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sodium dodecyl sulfate micelles

Time:2015/11/27 2:46:01

Structure of the bovine antimicrobial peptide indolicidin bound to dodecylphosphocholine and sodium dodecyl sulfate micelles

Indolicidin is a cationic, 13-residue antimicrobial peptide (ILPWKWPWWPWRR-NH(2)) which is unusually rich in tryptophan and proline. Its antimicrobial action involves the bacterial cytoplasmic membrane. Fluorescence and circular dichroism spectra demonstrated the structural similarity of indolicidin in complexes with large unilamellar phospolipid vesicles and with detergent micelles. The structure of indolicidin bound to zwitterionic dodecylphosphocholine (DPC) and anionic sodium dodecyl sulfate (SDS) micelles was determined using NMR methods and shown to represent a unique membrane-associated peptide structure. The backbone structure in DPC, well defined between residues 3 and 11, was extended, with two half-turns at residues Lys-5 and Trp-8. The backbone structure in SDS, well defined between residues 5 and 11, was also extended, but lacked the bend in the C-terminal half. Indolicidin in complexes with DPC had a central hydrophobic core composed of proline and tryptophan, which was bracketed by positively charged regions near the peptide termini. The tryptophan side chains, with one exception, folded flat against the peptide backbone, thus giving the molecule a wedge shape. Indolicidin in complexes with SDS had an arrangement of hydrophobic and cationic regions similar to that found in the presence of DPC. The tryptophan side chains were less well defined than for indolicidin in DPC and extended away from the peptide backbone. The preferred location of indolicidin in DPC micelles and lipid bilayers, analyzed using spin-label probes, was at the membrane interface.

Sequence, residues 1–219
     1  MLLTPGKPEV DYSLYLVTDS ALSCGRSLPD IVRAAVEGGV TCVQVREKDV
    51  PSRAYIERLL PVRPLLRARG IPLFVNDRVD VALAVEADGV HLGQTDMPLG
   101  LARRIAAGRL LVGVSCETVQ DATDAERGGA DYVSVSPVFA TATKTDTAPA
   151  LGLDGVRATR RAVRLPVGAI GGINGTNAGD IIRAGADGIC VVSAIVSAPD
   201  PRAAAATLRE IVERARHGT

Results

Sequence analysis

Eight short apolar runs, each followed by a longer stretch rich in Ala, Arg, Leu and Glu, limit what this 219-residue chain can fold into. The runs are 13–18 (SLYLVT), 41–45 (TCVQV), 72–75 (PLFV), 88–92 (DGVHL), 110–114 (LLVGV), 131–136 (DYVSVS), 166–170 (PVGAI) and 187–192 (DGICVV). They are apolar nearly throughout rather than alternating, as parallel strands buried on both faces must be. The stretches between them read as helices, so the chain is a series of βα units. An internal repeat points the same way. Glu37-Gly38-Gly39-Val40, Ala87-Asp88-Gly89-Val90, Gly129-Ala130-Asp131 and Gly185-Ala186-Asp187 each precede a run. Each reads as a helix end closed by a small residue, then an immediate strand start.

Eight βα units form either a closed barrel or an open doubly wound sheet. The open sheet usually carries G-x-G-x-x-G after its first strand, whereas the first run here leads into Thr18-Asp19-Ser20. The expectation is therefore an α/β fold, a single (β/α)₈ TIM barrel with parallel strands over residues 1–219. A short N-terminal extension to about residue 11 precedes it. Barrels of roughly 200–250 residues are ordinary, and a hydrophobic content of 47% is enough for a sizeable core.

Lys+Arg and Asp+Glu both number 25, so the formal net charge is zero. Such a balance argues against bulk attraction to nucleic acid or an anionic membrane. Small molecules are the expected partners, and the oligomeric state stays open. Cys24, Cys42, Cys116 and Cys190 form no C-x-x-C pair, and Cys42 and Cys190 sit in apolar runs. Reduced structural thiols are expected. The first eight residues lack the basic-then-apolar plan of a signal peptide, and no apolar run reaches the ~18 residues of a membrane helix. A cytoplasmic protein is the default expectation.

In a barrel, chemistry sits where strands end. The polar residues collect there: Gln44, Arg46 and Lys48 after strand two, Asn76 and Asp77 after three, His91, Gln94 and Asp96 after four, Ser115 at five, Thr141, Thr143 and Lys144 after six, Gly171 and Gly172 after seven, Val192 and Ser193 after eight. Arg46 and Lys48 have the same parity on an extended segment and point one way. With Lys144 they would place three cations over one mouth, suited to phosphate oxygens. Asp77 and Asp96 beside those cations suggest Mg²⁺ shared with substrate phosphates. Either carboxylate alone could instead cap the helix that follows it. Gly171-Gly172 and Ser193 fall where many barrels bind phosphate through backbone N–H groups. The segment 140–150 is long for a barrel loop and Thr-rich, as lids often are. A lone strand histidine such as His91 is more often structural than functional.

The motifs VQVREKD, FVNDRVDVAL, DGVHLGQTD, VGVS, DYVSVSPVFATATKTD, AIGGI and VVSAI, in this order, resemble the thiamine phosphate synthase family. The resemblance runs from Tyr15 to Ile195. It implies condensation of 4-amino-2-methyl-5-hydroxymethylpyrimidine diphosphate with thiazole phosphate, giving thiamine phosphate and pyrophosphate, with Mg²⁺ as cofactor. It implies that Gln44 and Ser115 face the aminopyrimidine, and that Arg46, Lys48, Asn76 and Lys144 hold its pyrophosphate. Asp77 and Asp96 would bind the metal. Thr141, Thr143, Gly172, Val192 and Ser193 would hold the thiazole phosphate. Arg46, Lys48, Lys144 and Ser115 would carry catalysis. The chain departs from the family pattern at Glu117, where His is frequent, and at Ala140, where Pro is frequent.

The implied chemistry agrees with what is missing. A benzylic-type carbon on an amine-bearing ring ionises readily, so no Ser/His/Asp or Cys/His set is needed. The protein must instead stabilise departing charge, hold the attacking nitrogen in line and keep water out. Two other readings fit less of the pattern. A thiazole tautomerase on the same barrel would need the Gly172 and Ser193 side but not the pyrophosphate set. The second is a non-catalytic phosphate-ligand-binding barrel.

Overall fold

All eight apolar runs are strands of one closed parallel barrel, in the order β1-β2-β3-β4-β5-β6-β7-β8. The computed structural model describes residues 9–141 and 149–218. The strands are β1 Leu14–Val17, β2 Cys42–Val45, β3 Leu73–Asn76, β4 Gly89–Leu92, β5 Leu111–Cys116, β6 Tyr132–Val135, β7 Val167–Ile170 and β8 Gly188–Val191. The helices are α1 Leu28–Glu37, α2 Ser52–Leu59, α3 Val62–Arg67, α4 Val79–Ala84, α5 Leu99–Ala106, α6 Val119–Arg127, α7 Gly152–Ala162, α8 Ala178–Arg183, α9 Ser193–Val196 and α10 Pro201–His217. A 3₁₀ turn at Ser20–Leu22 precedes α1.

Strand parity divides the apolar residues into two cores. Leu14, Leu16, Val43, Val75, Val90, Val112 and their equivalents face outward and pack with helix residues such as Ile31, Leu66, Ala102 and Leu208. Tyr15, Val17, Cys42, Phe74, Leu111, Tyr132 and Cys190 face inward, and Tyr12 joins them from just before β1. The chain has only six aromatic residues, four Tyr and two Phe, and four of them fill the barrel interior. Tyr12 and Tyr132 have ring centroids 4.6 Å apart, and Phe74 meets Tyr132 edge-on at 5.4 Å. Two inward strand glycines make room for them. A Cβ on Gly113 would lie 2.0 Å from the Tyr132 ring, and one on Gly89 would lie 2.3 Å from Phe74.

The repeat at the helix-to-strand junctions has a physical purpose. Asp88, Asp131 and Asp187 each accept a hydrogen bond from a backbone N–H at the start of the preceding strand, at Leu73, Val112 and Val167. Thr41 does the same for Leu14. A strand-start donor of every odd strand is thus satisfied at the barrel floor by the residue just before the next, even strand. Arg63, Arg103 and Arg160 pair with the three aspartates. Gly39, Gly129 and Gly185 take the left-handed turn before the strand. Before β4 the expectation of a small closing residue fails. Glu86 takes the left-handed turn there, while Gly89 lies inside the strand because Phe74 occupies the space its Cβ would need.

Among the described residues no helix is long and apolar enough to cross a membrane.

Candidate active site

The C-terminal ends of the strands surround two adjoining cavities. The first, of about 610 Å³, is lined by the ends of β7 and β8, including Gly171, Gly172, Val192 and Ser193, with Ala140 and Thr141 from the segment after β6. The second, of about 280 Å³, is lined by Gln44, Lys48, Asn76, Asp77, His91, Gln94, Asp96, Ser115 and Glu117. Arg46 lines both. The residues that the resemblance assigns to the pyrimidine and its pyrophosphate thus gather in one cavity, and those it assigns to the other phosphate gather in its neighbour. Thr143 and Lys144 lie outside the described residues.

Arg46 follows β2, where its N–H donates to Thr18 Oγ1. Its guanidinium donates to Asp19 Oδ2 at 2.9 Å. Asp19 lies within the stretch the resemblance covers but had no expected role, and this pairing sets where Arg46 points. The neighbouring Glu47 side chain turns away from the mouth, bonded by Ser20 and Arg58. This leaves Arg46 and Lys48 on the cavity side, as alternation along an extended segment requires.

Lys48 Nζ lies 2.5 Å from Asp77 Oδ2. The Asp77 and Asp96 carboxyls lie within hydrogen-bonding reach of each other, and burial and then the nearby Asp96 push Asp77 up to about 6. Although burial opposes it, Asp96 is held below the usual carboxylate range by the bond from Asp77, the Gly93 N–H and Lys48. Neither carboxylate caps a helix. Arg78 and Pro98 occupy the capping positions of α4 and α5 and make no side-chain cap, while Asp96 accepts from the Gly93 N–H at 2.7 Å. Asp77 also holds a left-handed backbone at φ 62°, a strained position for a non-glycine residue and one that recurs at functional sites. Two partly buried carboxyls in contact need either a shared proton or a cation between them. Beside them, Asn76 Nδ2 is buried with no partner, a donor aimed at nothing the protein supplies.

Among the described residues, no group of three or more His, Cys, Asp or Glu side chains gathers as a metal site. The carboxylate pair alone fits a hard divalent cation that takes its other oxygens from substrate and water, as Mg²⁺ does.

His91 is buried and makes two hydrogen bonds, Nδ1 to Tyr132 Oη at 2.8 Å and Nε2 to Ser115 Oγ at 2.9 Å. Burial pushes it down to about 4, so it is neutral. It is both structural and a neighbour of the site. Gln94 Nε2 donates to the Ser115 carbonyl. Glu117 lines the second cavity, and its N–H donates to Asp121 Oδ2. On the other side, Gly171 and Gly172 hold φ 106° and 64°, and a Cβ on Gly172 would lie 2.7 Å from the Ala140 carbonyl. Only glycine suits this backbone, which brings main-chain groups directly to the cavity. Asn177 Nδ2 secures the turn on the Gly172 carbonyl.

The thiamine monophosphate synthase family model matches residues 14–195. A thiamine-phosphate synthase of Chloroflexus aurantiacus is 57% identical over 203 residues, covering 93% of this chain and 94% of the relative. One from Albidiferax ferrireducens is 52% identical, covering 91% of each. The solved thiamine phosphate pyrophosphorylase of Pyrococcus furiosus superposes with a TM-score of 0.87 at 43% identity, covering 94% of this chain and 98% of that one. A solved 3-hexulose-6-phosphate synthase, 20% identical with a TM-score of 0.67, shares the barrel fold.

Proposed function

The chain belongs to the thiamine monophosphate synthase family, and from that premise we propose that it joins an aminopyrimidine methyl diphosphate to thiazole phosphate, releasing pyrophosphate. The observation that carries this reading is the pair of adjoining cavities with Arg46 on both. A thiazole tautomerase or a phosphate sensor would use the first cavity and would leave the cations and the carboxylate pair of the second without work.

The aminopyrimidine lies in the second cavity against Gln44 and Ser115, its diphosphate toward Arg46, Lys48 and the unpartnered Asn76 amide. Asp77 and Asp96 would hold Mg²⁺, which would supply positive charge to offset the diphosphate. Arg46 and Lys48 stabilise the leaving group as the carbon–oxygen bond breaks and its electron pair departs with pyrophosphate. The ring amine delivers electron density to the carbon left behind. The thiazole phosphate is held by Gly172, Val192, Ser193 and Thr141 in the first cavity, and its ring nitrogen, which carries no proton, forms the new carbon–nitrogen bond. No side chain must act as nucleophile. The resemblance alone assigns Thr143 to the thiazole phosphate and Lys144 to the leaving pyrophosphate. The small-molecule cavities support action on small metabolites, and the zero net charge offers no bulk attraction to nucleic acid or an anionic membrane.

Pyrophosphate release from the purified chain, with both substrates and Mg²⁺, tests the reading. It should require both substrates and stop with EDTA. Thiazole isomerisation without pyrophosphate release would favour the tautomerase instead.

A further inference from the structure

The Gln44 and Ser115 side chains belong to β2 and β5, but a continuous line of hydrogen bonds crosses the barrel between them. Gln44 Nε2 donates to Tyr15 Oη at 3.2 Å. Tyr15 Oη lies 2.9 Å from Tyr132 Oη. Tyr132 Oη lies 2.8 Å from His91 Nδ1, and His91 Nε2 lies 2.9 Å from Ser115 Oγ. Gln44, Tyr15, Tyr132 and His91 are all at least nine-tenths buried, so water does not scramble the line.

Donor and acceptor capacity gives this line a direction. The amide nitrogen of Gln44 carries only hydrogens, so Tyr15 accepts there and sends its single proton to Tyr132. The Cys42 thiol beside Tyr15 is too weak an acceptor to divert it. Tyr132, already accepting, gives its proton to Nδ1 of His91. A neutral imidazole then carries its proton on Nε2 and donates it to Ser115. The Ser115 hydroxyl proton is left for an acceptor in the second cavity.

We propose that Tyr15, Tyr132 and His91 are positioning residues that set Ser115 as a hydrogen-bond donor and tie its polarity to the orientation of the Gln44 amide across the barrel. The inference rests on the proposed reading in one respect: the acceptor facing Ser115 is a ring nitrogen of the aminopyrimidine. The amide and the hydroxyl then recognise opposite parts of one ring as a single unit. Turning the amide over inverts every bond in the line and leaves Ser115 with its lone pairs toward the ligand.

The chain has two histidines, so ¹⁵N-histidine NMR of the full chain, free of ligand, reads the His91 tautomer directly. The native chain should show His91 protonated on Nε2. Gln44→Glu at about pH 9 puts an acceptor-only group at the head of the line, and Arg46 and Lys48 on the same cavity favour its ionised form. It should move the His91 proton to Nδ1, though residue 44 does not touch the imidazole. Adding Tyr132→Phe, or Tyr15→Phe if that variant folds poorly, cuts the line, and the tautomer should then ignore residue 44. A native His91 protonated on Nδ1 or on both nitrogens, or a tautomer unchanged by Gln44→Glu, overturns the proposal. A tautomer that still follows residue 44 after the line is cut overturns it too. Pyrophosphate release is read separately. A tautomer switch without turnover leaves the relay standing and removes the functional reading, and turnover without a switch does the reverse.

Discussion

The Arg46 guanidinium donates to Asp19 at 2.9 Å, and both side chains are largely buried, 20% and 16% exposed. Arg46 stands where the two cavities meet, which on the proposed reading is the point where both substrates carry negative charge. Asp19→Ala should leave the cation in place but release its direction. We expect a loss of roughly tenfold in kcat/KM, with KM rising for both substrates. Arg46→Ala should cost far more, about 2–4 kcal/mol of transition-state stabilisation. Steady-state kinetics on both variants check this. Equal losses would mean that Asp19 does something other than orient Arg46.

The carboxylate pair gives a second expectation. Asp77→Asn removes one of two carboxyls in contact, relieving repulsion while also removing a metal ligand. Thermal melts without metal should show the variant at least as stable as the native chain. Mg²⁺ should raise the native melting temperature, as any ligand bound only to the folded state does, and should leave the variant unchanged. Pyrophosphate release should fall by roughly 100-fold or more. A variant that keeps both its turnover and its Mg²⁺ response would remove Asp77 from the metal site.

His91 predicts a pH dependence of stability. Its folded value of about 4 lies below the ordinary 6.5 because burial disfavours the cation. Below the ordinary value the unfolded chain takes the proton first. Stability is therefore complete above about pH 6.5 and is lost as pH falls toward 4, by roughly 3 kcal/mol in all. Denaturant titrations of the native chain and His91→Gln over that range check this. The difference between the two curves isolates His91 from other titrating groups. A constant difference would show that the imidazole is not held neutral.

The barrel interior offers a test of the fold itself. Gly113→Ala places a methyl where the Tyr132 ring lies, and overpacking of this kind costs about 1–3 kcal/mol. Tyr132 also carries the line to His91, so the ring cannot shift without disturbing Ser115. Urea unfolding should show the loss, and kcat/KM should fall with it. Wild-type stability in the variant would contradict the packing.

Renaturation of enzymes after polyacrylamide gel electrophoresis in the presence of sodium dodecyl sulfate
A number of enzymes, including amylases, dehydrogenases, and proteases, were shown to be renaturable after polyacrylamide gel electrophoresis in the presence of sodium dodecyl sulfate. Enzyme activity was detected in situ by action on substrates introduced into the gel and subsequent staining of either the product or unreacted substrate. This technique combines the advantage of enzyme identification with the resolution and molecular weight dependence of gel electrophoresis in the presence of sodium dodecyl sulfate. Enzymes appeared to recover activity as soon as the detergent diffused out of the gel. Most monomeric enzymes could be renatured even after disruption of their disulfide bonds, but several proteases, including trypsin, could not. Oligomeric enzymes composed of identical subunits were poorly renaturable. Renatured enzymes were retained in gels after electrophoresis longer than native enzymes which had been subjected to electrophoresis in the absence of detergent. Re-electrophoresis of the renatured enzymes showed that part of the retained activity was physically anchored to the gel, possibly by the folding of polypeptide aroung the gel matrix as the enzymes were renatured.